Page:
What he did was extremely well is get Patterson in advantageous matchups and create downfield openings for Ryan. On the first drive, Kwon Alexander was isolated against him. He had no chance stopping Patterson, who ran a slick Sluggo to blaze past him with ease. That 34-yard reception on third down set the tone for the Falcons’ most impressive offensive performance of the season.

Evolving into a true playmaker

Many forget that Patterson was considered a colossal bust in Minnesota for his inability to develop into a capable wide receiver. The former first-round pick dropped too many passes, ran lazy routes, and couldn’t handle press coverage. Although he blossomed into becoming an All-Pro returner, Minnesota ultimately didn’t re-sign him. Patterson found success in Oakland, New England, and Chicago, but largely from kickoff returning duties and in the backfield as a running back.

When the Falcons signed him, it appeared he would be an exciting change-of-pace option behind Davis. His past shortcomings as a wide receiver made the possibility of him lining up on the outside and making game-changing plays past defenders downfield seem highly improbable. With a minute left in a one-point game against the Falcons’ biggest rival, Patterson made the biggest play of his short yet already spectacular career as a Falcon.

Smith decides to run an empty set with five receivers wide, as Patterson is lined up on the right with Tajae Sharpe. All of the receivers are running quick routes in the short and intermediate areas except Patterson. He is the only player going vertical. It’s a sound strategy as Kyle Pitts is commanding the safeties’ attention in the slot. That leaves Patterson isolated against Paulson Adebo. With the pocket quickly collapsing, Ryan throws a beautiful rainbow outside the numbers in stride to Patterson.

As he normally does after the catch, Patterson makes a tremendous play with the ball in his hands. His impressive body control helps him stay in bounds, turning a huge catch into a game-changing 64-yard play. After nearly collapsing in traditional Falcons’ fashion, the offense was aggressive on the first play and put themselves in a strong position to get the win they thoroughly deserved. How fitting it was for the Falcons’ two best players this season to connect to help them win a massive divisional game.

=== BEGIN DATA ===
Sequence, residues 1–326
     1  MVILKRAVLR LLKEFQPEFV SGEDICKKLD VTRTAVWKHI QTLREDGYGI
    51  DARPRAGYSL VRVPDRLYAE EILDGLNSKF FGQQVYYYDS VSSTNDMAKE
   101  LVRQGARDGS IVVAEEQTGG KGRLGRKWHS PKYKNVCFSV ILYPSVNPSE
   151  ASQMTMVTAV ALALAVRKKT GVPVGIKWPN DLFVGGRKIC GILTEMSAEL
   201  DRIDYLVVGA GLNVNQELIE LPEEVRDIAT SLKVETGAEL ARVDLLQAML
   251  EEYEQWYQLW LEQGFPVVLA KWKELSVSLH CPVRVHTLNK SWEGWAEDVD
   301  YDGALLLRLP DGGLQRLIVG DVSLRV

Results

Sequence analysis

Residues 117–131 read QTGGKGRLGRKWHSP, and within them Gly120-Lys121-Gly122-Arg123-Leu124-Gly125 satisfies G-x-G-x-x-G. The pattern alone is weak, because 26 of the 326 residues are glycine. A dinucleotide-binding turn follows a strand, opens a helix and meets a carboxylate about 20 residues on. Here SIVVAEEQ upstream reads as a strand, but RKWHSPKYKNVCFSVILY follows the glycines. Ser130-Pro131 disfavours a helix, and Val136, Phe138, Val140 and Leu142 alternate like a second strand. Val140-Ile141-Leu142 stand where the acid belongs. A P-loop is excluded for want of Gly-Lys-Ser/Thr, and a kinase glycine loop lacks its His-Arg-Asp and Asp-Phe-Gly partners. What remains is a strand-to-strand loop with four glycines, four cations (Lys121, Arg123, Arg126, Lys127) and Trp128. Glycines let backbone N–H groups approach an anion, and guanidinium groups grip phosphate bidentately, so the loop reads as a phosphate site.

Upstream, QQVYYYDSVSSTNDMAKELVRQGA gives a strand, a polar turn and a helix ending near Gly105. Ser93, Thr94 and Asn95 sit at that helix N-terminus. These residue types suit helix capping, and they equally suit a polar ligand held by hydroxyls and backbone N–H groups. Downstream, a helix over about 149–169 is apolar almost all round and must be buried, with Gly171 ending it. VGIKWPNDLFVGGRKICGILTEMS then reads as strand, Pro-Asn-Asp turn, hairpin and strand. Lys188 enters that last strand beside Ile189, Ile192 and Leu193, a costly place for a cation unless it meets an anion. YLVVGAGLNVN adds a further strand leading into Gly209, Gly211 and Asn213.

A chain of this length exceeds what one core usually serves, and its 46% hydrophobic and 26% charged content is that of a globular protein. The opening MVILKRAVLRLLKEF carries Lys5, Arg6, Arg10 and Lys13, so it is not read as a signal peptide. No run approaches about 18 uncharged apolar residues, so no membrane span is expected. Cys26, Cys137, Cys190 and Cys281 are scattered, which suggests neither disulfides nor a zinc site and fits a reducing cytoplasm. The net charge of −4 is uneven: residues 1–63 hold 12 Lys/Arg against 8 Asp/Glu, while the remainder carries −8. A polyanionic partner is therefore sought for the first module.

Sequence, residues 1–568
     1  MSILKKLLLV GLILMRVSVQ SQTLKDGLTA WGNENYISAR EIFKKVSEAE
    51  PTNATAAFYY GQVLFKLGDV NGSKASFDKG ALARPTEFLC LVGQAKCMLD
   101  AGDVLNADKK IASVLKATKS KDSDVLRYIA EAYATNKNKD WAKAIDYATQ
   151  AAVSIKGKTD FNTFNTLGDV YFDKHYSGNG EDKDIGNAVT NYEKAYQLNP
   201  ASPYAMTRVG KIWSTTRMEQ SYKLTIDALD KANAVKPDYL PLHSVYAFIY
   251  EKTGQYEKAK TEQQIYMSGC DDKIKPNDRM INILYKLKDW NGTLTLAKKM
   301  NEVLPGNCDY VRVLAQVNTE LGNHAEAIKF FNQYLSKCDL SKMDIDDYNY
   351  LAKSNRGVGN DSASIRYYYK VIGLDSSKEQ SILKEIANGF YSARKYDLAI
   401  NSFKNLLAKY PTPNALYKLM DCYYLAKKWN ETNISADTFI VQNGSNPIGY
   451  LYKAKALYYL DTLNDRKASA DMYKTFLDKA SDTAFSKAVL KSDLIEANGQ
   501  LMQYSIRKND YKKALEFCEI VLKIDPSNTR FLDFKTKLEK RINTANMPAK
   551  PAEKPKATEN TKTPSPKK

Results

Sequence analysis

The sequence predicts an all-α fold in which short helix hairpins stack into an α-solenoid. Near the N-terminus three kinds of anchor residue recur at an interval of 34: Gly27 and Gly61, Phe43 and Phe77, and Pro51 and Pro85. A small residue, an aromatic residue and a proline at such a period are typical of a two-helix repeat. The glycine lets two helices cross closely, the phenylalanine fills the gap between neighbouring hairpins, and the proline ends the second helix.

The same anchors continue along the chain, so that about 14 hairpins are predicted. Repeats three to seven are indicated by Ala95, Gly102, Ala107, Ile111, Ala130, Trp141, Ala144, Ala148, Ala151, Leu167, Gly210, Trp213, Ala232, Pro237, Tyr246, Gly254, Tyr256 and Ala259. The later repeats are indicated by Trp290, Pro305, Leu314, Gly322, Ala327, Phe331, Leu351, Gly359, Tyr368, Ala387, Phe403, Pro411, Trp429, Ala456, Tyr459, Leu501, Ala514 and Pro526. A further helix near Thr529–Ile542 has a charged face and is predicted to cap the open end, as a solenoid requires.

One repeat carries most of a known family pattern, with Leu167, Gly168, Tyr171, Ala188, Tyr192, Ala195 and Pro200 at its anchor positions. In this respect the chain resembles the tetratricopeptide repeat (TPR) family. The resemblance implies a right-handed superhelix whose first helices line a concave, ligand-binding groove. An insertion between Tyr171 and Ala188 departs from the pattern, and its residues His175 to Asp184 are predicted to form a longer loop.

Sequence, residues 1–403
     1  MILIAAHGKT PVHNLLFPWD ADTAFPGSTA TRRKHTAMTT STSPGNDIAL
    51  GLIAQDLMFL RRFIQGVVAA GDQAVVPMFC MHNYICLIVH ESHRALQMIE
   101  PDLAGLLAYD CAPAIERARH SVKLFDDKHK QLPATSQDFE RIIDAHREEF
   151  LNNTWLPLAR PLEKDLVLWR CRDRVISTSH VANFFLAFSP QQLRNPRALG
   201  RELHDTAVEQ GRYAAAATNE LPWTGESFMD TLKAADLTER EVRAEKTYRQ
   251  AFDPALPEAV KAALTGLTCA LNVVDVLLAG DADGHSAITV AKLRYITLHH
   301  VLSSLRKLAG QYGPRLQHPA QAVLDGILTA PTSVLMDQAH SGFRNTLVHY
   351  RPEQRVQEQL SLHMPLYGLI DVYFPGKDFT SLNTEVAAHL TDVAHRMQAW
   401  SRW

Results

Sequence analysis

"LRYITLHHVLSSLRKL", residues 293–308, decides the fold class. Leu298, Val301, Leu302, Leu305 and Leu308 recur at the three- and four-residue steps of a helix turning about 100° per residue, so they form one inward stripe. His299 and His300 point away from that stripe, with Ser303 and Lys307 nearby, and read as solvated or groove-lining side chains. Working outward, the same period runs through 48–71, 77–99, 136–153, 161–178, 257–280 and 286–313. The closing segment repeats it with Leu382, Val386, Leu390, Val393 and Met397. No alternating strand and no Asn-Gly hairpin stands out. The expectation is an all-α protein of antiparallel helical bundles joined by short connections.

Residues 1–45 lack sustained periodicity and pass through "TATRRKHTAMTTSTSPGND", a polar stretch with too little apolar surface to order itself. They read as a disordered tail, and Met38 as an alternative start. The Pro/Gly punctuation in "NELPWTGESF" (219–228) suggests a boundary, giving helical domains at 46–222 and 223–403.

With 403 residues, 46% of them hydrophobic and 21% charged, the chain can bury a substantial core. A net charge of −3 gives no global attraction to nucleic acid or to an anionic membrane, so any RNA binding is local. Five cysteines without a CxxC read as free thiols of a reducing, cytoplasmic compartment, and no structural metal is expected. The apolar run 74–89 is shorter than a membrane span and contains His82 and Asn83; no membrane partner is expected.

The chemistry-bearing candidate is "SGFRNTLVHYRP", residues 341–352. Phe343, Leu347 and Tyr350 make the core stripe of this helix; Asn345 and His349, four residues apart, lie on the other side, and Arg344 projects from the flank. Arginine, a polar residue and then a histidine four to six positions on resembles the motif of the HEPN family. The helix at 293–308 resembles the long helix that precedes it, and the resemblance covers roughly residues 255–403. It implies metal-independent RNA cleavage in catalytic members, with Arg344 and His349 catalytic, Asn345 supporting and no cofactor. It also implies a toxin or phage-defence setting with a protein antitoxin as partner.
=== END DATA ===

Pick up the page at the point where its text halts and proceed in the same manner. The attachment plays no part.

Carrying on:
No slowing down

What Patterson has done as an all-around playmaker this season has been simply remarkable. There is no telling where the Falcons would be without his emergence as one of the most electrifying playmakers in the league. With Calvin Ridley taking time away from the sport, Patterson has formed the most unique wide receiver duo in the league with Kyle Pitts. Despite neither player being a traditional wide receiver, they move and make plays like a true wide receiver. Patterson’s versatility gives Smith countless options to keep defenses off balance. The Ringer’s Steven Ruiz made an excellent observation in how running no-huddle with Patterson on the field prevents the opposing defense from making substitutions. It’s another advantage that Smith will look to capitalize on with Ryan leading the way, who is coming off an exceptional performance against New Orleans.

No matter the pace of the game or the opposing defense’s strengths, Patterson will be ready to break things open. That was proven against one of the best defenses in the league last Sunday. He is more than capable of running crisp routes and making explosive plays as a wide receiver. As he has shown for the past several years, Patterson can flourish as a traditional running back. There is no limiting his touches. It’s only a matter of how defenses can contain him. Trying to slow down the multi-dimensional star playmaker will be a tall order for defenses going forward.

Smith has found the recipe in utilizing him. Ryan has built a strong rapport with him. Most of all, Patterson has found it within himself to make strides as a wide receiver and grow into being a productive running back. He has practically done it all this season. The only thing left for him to do is do what he is best known for, which is to return a kickoff for a touchdown.

The fan-favorite will also look to do his part to prevent the team from giving a tortured fanbase heart attacks. Doing his part has been the story of Patterson’s career. Now, he is doing his part as one of the focal points of a potential playoff team.